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Training for Life

“I trained 4 years to run 9 seconds, and people give up when they don't see results in 2 months.” -Usain Bolt, fastest human in the world.

This past weekend, my trusty training partner, Denali, and I were not only training for me to cover 50 miles and 7,500 vertical feet in the Grand Canyon’s 100° heat for Jodi's Climb for Hope, I was training for life.

In my keynotes, my point about "Getting Comfortable Being Uncomfortable" has been resonating with audiences. So, I've done a deep dive into research around this topic to launch a workshop around it. The books I've been devouring include:

Get outside around sunrise to get your eyes exposed to sunlight.

Michael Easter's The Comfort Crisis

Dr Kelly Starrett's Built to Move

Additionally I sifted through the research on things from sauna to cold exposure. I’ve discovered the countless benefits of getting comfortable being uncomfortable. And discovering the ways people can uncomfortable to create those benefits. They include carrying heavy weight, being in the heat, cold plunges, getting outside in at sunrise, walking on uneven ground, and multi-day fasts.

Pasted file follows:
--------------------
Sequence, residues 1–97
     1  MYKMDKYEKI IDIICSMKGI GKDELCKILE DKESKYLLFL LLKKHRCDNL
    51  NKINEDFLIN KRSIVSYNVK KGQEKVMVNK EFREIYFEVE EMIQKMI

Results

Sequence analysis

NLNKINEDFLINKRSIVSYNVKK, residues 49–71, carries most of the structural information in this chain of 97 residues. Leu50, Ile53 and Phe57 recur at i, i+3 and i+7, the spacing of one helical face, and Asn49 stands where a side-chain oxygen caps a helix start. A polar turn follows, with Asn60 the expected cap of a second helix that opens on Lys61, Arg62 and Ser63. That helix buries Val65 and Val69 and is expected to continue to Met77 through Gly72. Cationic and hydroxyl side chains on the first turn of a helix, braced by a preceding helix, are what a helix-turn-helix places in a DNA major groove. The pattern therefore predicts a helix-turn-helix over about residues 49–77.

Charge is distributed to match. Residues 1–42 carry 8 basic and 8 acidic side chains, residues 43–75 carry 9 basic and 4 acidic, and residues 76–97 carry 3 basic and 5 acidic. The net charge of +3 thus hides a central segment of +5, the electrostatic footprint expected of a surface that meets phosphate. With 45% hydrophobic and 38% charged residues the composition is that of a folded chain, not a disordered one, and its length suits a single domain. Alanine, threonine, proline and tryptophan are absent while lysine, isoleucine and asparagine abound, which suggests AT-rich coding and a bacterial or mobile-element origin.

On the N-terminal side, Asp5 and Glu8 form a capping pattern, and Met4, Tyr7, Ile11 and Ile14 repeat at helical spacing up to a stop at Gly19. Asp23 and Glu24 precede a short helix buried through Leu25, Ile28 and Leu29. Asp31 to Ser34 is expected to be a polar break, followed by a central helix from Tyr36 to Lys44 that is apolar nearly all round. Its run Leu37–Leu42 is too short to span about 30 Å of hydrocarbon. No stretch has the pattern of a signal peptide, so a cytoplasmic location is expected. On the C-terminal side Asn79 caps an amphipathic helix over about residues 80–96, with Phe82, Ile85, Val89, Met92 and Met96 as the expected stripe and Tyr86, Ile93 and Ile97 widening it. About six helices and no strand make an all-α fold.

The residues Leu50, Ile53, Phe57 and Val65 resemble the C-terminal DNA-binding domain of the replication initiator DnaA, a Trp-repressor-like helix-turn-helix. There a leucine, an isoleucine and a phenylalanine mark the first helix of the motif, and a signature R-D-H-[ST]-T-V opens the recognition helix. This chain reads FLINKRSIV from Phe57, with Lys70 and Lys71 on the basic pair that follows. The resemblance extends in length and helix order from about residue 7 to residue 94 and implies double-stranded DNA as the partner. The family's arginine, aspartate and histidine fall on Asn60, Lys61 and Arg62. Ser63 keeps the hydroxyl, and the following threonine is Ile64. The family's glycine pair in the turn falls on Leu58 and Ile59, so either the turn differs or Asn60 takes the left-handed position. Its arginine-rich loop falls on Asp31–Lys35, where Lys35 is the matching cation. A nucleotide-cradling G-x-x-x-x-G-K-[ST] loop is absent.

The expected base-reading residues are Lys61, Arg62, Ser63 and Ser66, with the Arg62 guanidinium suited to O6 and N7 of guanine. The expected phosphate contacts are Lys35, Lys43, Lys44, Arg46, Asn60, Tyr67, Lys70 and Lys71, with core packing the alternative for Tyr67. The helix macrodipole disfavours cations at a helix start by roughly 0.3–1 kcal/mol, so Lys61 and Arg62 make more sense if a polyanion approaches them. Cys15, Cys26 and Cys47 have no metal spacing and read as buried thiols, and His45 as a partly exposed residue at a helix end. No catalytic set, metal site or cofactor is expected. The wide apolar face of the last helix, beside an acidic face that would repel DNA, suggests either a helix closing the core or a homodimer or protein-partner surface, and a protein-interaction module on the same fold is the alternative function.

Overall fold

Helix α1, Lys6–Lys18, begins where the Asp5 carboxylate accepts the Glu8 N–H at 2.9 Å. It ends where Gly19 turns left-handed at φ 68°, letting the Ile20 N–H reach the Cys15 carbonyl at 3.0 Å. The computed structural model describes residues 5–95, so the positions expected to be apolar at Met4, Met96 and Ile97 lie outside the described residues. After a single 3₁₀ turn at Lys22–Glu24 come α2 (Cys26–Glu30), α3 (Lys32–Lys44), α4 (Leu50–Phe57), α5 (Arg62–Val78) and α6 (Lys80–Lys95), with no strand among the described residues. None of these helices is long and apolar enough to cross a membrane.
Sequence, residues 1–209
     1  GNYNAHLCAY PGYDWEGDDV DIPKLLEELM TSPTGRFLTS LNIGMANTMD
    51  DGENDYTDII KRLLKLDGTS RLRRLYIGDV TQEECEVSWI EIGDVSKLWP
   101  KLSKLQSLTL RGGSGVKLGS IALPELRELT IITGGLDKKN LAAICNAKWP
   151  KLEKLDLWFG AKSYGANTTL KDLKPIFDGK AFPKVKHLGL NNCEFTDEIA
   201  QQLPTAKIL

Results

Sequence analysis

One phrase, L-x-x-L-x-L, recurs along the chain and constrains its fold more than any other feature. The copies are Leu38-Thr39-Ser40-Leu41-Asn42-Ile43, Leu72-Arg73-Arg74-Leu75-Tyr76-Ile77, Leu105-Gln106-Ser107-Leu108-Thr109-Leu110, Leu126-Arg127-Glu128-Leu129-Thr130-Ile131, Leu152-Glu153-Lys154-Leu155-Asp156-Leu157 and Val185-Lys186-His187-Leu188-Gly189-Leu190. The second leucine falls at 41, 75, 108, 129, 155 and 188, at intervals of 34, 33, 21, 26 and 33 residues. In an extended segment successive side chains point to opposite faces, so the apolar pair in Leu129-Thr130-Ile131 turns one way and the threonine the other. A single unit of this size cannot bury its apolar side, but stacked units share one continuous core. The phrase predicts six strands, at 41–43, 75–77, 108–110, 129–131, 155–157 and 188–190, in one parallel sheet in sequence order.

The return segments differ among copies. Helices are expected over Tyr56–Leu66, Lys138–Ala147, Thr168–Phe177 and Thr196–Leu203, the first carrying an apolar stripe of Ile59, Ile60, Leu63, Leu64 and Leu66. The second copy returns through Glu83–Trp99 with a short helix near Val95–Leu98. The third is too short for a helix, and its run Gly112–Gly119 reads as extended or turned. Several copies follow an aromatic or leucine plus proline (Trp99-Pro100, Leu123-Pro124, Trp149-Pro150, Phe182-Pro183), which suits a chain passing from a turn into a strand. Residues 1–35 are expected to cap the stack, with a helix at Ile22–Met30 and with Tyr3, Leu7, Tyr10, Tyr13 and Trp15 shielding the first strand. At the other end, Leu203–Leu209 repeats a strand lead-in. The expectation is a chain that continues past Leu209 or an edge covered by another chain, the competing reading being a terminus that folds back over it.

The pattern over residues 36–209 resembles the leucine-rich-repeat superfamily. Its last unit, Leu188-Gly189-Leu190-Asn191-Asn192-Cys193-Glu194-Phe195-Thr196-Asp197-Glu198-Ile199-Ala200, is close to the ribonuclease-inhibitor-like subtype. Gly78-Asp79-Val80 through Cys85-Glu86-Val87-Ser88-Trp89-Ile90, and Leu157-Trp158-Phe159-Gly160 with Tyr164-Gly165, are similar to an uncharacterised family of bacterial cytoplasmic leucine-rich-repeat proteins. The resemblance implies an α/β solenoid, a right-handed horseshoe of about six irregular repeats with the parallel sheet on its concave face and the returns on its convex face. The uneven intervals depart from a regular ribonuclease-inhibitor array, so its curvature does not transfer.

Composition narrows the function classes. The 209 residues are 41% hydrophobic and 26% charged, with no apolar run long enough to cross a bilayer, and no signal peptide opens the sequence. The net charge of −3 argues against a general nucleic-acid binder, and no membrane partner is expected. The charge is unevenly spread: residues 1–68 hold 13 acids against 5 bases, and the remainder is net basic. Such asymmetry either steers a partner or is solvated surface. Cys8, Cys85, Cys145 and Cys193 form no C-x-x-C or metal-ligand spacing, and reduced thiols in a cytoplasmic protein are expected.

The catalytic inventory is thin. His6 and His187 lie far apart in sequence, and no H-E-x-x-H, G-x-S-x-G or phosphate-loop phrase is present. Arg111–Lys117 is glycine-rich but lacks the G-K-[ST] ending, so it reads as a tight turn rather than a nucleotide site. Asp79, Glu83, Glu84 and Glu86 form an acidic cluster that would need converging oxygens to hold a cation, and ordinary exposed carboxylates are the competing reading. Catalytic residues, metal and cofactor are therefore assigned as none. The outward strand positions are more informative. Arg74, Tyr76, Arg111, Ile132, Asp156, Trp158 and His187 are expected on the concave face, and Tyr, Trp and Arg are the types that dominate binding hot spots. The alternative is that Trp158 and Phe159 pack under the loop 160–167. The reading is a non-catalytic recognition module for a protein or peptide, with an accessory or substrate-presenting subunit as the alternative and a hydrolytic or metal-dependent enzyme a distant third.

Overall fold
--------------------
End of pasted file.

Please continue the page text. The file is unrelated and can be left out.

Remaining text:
The data demonstrates benefits to include a reduction in anxiety, depression, ADHD, heart disease, as well as an increase in mental resilience, energy levels, metabolism, and ability to handle stress.

Unplug while walking daily. Leave you cellphone at home or in your pocket if you have the willpower.

Our bodies are millions of years old. The origin of our species dates back 2.5 million year ago, starting with prehistoric humans. Our current species, homo sapiens, evolved 200,000 year ago. So, we've been hungry, cold, and bored for 99.6% of our existence. Only for the last 50 years have we had the comforts of being entertained by a screen, have cheap processed food at the ready, or enjoying AC on full blast.

We've always been uncomfortable. Our bodies and brains are built and wired to be that way. Now, we're seeing the consequences for no longer living that way.

Our ancestors used to have to climb trees to get honey, enduring painful bee stings to get some calories. We now grab a pack of chips that those ancestors wouldn't recognize. And, 67% of Americans are overweight; 50% are obese!